Thousands of people took to the streets on Saturday, July 7, protesting severe water shortages in the Bushehr province of Iran. Protesters were furious about “inefficiency” and “incompetence” and called on authorities to step in and solve the problem, Iran’s Radio Farda reported.
Just one week before, four were killed and 11 wounded during two days of fierce demonstrations over water scarcity and pollution in neighboring Khuzestan province. Security forces opened fire on a crowd that was “disrupting public order.” Protesters were throwing projectiles and set fire to trash cans and a vehicle, Al Jazeera reported. This comes after a 20-hour water outage ended in 230 poisoned by drinking polluted water, stated Shahrokh Refaei, head of crisis management in Khuzestan province.
Demonstrations form part of a concerning trend in Iran since late 2017, with at least five protestors shot in January alone. Protestors are responding to what experts describe as poor management of inadequate water reservoirs. Several districts have gone without water for weeks during a scorching heatwave, after suffering the “driest” seasonal rainfall of the past 67 years, a government-monitoring agency stated. According to analyst David Michel, 12 of Iran’s provinces “will entirely exhaust their aquifers within the next 50 years.”
“Water shortages are acute; agricultural livelihoods no longer sufficient. With few other options, many people have left, choosing uncertain futures as migrants in search of work,” a United Nations report last year revealed. Iranian elites have been aware of the water crisis since 2013 when agriculture minister Issa Kalantari stated that water scarcity poses a greater threat to peace in Iran “than Israel, U.S.A. or political fighting among the Iranian elite.”
This trend of violent demonstrations is not only a call for action against an environmental crisis of alarming magnitude. It is also a warning signal of a failure of Iranian elites to address the basic needs of its peoples. Environmental stress and climate change have been dubbed by academics a “multiplier” of threats to peace, as water shortages can severely compound existing social and economic strains. The combative suppression strategies undertaken by Iranian authorities could escalate insecurity in the face of environmental stress. Economic and social volatility, combined with a lack of water and ensuing crop failure, diseases, urban migration and displaced populations, could increase both the risk and costliness of internal conflict.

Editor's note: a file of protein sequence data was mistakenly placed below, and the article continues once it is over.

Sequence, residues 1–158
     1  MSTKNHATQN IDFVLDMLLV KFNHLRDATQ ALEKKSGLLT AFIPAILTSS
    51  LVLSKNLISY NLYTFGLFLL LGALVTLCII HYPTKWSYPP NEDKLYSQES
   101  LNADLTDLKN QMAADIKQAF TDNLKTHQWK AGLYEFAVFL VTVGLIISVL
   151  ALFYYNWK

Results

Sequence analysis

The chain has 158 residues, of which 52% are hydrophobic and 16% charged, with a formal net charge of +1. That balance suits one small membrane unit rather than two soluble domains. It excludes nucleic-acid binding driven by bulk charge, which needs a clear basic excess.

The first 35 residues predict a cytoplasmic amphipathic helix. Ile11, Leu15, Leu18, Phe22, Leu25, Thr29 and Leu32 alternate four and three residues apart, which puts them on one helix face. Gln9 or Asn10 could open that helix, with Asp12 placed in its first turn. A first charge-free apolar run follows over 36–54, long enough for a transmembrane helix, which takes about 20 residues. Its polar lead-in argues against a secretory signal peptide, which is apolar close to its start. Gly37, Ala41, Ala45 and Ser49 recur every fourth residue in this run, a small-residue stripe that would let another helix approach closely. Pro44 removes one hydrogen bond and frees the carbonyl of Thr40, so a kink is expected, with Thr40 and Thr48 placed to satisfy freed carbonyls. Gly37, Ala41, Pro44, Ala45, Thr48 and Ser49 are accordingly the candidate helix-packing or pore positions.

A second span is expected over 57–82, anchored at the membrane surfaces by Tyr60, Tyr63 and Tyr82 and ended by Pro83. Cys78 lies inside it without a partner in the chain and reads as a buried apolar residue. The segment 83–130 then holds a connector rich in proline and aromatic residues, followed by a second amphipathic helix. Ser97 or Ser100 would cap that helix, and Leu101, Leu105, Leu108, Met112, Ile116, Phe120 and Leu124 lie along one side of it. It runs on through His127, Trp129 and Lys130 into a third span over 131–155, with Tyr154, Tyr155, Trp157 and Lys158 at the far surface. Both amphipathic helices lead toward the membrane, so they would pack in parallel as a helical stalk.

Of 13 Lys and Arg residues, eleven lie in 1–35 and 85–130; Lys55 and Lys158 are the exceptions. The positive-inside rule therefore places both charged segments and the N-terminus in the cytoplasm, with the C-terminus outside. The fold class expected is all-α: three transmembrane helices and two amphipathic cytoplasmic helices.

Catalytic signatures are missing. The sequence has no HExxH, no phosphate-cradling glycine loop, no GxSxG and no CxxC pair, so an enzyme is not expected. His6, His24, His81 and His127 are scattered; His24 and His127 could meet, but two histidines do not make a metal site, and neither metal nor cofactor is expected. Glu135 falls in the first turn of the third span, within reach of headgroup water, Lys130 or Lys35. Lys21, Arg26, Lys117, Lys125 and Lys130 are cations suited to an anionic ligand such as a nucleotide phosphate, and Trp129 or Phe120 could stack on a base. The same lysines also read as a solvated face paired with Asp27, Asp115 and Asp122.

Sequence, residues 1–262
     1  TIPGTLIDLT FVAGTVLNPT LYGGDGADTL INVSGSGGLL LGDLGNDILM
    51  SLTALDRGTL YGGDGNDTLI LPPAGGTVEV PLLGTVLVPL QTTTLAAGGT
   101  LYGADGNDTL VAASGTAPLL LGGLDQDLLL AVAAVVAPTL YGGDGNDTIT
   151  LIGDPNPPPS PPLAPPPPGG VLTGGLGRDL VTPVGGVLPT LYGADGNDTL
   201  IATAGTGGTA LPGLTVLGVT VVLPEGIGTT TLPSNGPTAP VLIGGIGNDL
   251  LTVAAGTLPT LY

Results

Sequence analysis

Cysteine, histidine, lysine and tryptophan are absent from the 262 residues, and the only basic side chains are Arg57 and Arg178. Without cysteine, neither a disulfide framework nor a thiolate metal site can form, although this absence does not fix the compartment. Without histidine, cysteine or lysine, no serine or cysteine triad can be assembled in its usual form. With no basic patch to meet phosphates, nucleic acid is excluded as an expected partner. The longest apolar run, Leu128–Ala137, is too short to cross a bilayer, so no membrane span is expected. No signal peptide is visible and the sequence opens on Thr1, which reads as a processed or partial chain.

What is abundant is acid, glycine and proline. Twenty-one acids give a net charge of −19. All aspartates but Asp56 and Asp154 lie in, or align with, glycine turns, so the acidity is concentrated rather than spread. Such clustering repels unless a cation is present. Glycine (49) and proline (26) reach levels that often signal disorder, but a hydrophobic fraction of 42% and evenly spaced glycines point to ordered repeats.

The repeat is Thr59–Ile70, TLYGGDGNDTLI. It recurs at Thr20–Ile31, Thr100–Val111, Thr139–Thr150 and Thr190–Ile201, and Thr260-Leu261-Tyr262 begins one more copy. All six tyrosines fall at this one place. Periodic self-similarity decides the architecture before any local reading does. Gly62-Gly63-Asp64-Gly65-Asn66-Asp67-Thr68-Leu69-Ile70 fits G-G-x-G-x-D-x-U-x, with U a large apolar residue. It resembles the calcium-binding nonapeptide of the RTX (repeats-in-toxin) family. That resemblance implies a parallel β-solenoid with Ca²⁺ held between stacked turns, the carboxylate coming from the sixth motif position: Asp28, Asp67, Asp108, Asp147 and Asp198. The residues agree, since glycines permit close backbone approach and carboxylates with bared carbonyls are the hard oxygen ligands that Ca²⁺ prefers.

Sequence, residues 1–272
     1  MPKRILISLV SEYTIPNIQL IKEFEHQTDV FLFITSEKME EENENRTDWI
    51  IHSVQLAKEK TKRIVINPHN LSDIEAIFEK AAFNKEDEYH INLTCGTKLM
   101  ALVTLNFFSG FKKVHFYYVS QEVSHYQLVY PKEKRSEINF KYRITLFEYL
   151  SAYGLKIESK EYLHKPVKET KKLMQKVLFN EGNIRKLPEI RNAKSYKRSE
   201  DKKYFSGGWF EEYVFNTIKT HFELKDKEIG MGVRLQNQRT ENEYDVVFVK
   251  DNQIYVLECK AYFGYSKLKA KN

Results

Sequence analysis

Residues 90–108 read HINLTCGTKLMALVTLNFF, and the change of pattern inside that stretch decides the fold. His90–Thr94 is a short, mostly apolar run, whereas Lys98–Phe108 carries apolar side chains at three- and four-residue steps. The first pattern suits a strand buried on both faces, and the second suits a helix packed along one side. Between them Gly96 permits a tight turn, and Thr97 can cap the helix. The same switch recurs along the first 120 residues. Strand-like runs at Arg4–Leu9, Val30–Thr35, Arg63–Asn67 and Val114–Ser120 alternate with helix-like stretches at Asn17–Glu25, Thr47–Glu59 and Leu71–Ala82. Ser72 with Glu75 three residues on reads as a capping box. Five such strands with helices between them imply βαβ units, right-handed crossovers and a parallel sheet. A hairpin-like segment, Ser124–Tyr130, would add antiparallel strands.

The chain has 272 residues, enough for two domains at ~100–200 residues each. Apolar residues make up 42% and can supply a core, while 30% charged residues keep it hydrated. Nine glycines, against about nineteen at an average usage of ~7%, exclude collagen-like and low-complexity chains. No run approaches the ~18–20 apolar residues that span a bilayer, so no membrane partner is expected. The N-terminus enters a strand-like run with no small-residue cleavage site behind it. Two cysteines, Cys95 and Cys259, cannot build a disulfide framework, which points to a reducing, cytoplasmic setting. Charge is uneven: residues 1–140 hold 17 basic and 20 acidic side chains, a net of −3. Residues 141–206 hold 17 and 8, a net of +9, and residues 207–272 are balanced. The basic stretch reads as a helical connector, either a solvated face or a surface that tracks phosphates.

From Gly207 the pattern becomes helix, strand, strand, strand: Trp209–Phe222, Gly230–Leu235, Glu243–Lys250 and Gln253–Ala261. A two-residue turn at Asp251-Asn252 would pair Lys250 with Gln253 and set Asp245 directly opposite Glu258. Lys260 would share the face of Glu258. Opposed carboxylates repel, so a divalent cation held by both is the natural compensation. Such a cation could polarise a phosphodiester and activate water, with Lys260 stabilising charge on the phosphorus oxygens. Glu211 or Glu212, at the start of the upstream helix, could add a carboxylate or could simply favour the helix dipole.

Iran’s Meteorological Organization estimates that 97% of Iran faces drought. But while rising temperatures and water mismanagement are forcing family-run agricultural business to close up shop, it’s not purely a problem of not having enough water. In Iran, a country boasting four of the world’s top ten most polluted cities, around 270 people die each day from pollution-related illness such as cancer and respiratory conditions. This is because it’s not only air they’re breathing: these illnesses are the result of breathing in a toxic mix of rubber particles, sub-standard gasoline smog, nitrogen oxide, asbestos, carbon monoxide, sulfur dioxide, and unburnt hydrocarbons.
Insecurity over resource scarcity is no new occurrence. We have seen similar patterns of events in Syria prior to the 2011 uprising. It has also been seen in Nigeria, India, Yemen, and Somalia. Water shortages and pollution is not just an issue concerning humanitarian relief and disaster response. Experts say it is also a major strategic driver of peace and stability.
Iran is devastated by war, has high youth unemployment, and two weeks ago experienced protests in response to a collapsing currency. A lack of access to potable water poses a significant threat to human security and could certainly lead to even further social unrest and political upheaval in the region. The Iranian government must take action to manage environmental stressors before it is too late.